You folks don’t have to read this. I used to use my mower to pull my camper around the yard. I have since upgraded but I was hauling a load of landscape blocks with it and drove down a slight hill to my destination. The trailer tongue lifted my rear wheels off the ground and with no brakes or traction the thing started to jack knife. Having over 1000# on the trailer, I jumped off and let it go unrestrained. The moral is don’t wear a seat belt if pulling stuff around with your lawn mower. Momma didn’t raise no fool (It’s Mother’s Day).
I wouldn’t be concerned if only going 3 miles, assuming that weight of 1500 lbs is correct.
I wonder if the transmission is different for the 4 cyl vs the 6 cylinder Highlander? If the transmissions were the same and the engine was the limiting factor, I’d be even less concerned. They may be different, though.
From your owners manual
A few things you said in your opening post make me less worried about this.
Given your car’s tow capacity is at or close to your combined trailer+boat weight, and given each trip is only 3 miles, I’m not convinced that’s enough to get your transmission fluid hot enough to cause damage.
[If others have data to convince me otherwise, I’m happy to listen & learn.]
If it were me, I would drive slowly with the transmission in a lower gear, and would stay current with my transmission fluid changes.
If you want to play it safe you can always rent a uhaul pick up truck for a pretty minimal cost and no worries! What is the speed limit for the roads you will be taking?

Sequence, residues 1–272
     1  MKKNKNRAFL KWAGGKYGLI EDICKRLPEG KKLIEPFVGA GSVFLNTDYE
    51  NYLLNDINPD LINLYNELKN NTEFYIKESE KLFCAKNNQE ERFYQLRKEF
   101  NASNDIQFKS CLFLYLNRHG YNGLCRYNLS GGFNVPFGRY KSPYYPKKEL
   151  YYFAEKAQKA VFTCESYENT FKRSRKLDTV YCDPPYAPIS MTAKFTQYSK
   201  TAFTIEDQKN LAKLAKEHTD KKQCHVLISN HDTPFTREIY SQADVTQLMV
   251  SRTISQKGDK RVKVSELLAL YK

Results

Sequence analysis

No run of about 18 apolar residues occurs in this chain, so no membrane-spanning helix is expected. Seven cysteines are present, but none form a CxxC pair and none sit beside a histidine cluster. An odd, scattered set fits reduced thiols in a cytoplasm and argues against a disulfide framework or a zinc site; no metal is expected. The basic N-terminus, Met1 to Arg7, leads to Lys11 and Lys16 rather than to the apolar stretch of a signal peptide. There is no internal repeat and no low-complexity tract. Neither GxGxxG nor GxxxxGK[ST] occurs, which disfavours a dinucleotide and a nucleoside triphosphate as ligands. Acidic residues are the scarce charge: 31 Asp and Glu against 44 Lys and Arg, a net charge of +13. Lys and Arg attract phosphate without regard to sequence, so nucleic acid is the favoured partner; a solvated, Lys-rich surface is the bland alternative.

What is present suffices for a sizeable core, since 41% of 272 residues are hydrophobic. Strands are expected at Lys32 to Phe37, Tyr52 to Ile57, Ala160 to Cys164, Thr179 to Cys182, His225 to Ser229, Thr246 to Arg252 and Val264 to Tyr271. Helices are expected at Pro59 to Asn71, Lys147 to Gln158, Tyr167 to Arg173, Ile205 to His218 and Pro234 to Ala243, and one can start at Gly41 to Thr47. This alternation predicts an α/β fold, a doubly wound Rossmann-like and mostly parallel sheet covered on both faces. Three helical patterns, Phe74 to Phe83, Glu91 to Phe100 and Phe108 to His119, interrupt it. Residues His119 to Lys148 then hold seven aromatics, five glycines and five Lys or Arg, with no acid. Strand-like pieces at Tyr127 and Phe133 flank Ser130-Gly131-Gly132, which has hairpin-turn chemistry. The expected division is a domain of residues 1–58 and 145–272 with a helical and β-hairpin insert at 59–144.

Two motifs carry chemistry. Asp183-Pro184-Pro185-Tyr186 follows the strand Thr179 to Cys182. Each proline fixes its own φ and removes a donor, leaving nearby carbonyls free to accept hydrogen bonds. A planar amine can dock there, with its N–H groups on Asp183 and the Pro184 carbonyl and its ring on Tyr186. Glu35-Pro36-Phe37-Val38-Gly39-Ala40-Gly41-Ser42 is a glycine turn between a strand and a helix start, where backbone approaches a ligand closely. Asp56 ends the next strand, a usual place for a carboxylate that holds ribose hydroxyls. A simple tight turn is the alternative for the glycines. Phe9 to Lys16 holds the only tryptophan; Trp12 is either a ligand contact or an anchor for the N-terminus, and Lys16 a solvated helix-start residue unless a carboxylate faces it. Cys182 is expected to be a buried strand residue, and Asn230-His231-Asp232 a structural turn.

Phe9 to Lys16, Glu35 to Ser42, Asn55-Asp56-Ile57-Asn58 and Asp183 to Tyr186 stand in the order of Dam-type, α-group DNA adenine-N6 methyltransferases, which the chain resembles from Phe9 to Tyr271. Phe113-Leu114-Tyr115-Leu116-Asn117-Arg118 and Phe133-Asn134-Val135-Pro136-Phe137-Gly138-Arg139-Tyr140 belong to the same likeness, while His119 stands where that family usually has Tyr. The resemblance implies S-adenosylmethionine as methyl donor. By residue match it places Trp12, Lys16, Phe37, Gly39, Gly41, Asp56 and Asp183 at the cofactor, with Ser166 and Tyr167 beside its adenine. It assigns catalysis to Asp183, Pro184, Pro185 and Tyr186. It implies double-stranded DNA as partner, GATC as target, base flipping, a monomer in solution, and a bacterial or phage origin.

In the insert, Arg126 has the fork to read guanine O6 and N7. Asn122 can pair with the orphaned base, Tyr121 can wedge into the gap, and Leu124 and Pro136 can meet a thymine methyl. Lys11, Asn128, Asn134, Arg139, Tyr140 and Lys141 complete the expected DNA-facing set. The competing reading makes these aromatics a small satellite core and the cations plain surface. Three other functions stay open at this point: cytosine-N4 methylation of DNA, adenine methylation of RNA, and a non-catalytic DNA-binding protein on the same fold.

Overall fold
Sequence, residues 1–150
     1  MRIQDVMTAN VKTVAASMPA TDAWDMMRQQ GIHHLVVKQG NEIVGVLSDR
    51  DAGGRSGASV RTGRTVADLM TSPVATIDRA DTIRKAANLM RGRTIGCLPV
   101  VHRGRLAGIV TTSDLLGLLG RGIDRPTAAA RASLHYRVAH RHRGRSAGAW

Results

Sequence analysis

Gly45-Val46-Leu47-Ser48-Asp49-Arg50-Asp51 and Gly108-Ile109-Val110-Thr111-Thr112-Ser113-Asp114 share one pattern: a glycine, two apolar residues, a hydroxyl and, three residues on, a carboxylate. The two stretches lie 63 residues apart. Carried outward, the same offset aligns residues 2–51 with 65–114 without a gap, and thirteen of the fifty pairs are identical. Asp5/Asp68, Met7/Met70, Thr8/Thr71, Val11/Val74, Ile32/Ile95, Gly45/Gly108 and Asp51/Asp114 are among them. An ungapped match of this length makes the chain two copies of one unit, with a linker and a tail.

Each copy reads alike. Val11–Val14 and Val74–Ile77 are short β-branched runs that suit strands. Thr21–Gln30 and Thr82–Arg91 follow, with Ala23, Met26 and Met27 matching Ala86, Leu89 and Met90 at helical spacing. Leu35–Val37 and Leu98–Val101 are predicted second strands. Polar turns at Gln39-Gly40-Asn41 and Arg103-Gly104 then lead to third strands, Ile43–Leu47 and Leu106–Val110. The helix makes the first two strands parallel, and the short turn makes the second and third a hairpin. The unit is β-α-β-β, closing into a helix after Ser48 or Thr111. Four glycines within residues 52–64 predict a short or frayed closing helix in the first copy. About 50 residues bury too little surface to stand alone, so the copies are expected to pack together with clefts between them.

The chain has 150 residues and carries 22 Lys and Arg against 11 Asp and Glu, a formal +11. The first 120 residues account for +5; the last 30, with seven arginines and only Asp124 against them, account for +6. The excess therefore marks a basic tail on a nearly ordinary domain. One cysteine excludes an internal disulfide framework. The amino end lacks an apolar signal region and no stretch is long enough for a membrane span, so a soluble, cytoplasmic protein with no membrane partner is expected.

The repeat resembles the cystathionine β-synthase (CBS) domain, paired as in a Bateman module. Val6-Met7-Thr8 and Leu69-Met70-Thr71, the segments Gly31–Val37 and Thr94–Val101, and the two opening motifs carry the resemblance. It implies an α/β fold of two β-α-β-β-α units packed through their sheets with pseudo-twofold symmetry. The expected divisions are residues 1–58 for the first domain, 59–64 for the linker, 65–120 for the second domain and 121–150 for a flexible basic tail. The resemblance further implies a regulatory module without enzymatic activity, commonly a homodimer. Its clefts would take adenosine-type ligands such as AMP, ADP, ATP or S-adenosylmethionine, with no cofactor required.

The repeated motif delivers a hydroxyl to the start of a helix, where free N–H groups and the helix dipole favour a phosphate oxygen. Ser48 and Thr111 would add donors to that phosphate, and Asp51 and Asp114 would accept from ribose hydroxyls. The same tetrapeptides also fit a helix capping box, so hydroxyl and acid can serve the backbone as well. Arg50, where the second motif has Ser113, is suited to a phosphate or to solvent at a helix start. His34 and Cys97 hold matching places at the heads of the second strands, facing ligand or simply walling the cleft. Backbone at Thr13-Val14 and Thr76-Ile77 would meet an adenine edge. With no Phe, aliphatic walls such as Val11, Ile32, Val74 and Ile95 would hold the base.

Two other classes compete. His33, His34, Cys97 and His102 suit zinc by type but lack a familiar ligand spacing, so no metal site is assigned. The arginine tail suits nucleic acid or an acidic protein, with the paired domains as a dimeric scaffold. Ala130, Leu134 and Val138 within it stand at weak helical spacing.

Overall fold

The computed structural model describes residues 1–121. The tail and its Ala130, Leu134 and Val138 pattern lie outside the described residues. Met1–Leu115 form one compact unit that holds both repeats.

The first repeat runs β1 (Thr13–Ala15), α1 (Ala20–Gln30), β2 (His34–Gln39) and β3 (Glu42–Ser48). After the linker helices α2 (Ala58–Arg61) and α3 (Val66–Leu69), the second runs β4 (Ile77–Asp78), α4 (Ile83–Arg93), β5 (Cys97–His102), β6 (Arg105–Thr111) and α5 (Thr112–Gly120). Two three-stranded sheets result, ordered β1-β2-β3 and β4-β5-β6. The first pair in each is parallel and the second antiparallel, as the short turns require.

I’m surprised that the excerpt from the owner’s manual doesn’t mention trailer brakes. The safe maximum trailer weight without trailer brakes is usually around half of the weight of the tow vehicle.
These things are usually one size fits all. The maximum trailer weight is for all kinds of roads and traffic and steep hills. I wonder if the tow package includes heavier brakes? Towing 3 miles on flat roads likely wouldn’t stress things to the point where the tow package would make a difference.
With all the uhaul stories of flipped vehicles etc. I understand peoples apprehensions. But I have just never had a problem pulling 2000# with rwd or fwd through the hills, rain, and snow. You just have to load properly with more weight on the front, drive reasonably, and avoid over correcting. 4000# plus is another matter.
Pulled an old fiberglass boat to MN with my 03 2.3 4 cyl Ranger, only needed more space to the floor going up the hill after St. Croix River on I 94. The 93 Toyota pickup, 2.4 engine was fine for the boat around town and 55 mph speed limit. Both Trucks were manual transmission.
18’ boat no trailer brakes. Doubtful he has them on his trailer.
Boston Whalers are light for their size but I highly doubt the entire rig only weighs 1500 pounds. It will certainly be under 3500, though.
Would be better if you could confirm the weight, although we never weighed our 16ft fiberglass runabout which weighed around 1,600lbs for the combo according to the previous owner. Our car with a 2,000lb tow rating did Ok for the 6-7mi drive to the launch ramp but struggled on the ramp itself. For us it’s the terrain on the way to the launch ramp, think rolling hills and a steep hill to get out of the marina. Could work just fine for you.
Trailer brake requirements are dependent upon state.